Wondering why you are seeing tiger or zebra stripes in your lawn? It is only temporary and nothing to be alarmed about.
Those weird patterns are not a sign of damage by disease or pests. It is only Jack Frost leaving his mark! In just a few days they will be gone. You will see no more signs of them when your whole lawn is dormant and when the grass greens back up next spring you'll never know those tiger stripes were there.
Frosty fall nights can bring crazy patterns to warm season lawns like this TifTuf Bermuda. Photo by Hunter Patterson, Super-Sod Outside Sales in North Carolina.
Fall and First Frost
Fall is a time of transitions. As temperatures start to cool and the hours of daylight diminish, we see the seasonal changes in our yards. The trees put on a colorful show and leaves fall from the trees (make sure to rake them off your grass).
The luscious green of warm season lawns starts to fade (that's bermuda, zoysia, and centipede). In autumn, our warm season lawns begin the transition phase of going dormant (partially green and tan) and then turn tan-colored (light brown). The tan color of dormancy is ushered in quickly by first frost.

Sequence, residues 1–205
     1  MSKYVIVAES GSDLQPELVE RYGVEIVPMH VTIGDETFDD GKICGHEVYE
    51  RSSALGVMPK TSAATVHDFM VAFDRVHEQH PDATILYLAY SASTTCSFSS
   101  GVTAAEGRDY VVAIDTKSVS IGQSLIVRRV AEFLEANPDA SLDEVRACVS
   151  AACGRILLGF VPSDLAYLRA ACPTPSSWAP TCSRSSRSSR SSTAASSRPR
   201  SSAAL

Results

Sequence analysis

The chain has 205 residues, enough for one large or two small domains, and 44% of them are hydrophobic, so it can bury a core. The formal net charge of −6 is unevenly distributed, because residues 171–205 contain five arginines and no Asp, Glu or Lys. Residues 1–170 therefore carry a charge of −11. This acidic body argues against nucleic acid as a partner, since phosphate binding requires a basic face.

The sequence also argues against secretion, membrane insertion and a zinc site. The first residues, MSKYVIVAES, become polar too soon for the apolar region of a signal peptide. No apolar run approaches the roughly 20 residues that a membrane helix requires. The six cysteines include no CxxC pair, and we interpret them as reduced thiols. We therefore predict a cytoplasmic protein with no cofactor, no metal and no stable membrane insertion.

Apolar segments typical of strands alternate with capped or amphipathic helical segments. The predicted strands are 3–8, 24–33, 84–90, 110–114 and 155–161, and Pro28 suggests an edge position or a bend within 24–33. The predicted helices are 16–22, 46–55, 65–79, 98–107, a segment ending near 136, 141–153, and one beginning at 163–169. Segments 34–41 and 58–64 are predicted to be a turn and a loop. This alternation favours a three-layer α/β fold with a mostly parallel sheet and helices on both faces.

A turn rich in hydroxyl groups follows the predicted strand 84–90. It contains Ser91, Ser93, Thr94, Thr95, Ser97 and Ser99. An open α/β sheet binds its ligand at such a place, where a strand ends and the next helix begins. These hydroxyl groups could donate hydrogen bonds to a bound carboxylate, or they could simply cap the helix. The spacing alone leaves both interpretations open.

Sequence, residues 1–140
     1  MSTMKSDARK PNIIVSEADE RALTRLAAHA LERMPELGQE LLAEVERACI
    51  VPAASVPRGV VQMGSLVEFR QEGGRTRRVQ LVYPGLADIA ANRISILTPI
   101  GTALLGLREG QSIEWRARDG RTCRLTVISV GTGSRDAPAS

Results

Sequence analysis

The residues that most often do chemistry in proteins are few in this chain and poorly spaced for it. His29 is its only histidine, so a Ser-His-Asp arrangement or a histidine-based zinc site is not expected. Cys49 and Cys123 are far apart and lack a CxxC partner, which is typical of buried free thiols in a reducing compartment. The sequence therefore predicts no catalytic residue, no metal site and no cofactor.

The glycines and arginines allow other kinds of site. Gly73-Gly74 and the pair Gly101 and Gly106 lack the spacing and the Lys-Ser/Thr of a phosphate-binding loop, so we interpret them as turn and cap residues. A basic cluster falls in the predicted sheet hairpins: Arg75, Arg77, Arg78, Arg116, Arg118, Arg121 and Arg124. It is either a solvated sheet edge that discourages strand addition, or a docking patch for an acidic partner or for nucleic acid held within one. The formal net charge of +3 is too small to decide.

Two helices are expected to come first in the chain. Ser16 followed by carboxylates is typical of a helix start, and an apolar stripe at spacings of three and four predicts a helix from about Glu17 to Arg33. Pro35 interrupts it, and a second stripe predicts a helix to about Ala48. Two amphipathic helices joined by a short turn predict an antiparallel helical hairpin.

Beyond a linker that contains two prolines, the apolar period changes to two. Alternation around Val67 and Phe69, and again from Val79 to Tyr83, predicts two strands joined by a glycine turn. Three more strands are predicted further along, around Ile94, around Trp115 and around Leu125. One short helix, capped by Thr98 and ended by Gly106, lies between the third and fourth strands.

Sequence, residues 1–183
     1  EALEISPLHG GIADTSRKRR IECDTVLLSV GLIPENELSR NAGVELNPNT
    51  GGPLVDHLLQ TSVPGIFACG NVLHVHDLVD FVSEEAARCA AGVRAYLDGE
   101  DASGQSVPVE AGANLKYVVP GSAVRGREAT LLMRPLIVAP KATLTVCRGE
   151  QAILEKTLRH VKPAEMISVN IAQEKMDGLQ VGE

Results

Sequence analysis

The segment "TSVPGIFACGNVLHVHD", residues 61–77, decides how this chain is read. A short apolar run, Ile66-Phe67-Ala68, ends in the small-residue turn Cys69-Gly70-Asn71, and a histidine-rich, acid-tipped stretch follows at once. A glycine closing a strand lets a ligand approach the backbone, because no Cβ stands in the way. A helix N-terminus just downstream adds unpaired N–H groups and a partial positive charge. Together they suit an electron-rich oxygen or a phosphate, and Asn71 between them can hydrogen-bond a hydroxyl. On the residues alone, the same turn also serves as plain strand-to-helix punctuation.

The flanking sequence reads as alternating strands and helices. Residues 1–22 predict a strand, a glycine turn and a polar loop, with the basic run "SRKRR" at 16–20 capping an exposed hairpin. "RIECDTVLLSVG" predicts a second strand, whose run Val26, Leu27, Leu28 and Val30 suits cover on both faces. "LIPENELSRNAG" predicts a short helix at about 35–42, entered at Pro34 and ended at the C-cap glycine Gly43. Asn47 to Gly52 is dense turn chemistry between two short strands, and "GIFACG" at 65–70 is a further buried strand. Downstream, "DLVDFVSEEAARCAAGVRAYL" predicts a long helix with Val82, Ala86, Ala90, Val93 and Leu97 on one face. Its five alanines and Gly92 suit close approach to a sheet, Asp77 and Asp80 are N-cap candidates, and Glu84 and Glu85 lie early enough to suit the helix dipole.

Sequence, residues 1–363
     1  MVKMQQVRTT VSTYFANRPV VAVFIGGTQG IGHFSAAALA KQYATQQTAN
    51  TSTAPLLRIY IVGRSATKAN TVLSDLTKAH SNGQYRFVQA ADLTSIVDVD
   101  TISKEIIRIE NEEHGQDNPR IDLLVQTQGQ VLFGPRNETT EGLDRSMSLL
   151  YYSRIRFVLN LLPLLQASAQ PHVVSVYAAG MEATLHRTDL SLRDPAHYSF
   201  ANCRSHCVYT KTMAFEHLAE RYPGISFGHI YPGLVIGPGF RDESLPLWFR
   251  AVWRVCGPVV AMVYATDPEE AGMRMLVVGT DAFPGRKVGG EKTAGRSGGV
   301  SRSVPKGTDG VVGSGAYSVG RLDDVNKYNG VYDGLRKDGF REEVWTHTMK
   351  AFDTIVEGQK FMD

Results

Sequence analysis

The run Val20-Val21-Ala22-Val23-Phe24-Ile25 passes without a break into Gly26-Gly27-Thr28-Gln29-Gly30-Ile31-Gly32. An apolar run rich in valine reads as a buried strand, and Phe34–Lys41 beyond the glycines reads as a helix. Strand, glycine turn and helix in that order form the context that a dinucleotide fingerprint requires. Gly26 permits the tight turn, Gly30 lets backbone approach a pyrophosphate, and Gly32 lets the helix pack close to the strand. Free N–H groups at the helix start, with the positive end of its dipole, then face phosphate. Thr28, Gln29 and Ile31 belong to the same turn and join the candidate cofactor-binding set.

Jack Frost Trails
Sometimes the first cold night of fall brings a surprise!
Have you seen the interesting "trail" effects of Jack Frost on your lawn or in your neighborhood? If the conditions are just right, the frost will leave the most unusual zebra or tiger stripe patterns. It happens at our farms too!
Notice here the strip of grass below the sidewalk is still green, but on the other side the frost has caused strange patterns of green and tan. Photo by Hunter Patterson.
What Causes These Patterns?
Warm season grasses are sensitive to freezing temperatures. In fall, there is an “in between” phase where the ground is still warm, yet the air has a rapid decrease in temperature. With the warm earth below and cool air above, there are different temperatures within the leaf blade canopy of your lawn, and air moves around through the blades.
Jack Frost trails happen if all these conditions are just right: grass height and density, warm ground temperatures, cold air (but not too cold), moisture content in the air and soil, and thermal air movement. Combined just right these factors and the thermal currents they create mean that some parts of the lawn get frost effect and turn brown while other parts stay just warm enough to avoid frost damage and stay green.
That is why you might get tiger stripes, but your next door neighbor doesn't. Or you could even see the effect in one part of your yard and not another. If first frost is later in the season and the ground is colder, then the frost trails won't happen because the whole lawn will go dormant.
You won't see the squiggly lines of Jack Frost Trails every year, but it is quite a strange phenomenon when it does happen. Just rest assured that it is a very short-lived effect caused by weather and is nothing to worry about.
So stay warm and cozy, safe and sound because summer will be back with green grass all around.
These jack frost trails appeared in a field of TifTuf Bermuda at our farm in Laurinburg, NC. Photo by Micheal Buckner, Super-Sod Farm Manager.
Topics: Bermuda, what happened to my lawn, Fall, Frequently Asked Questions, problem management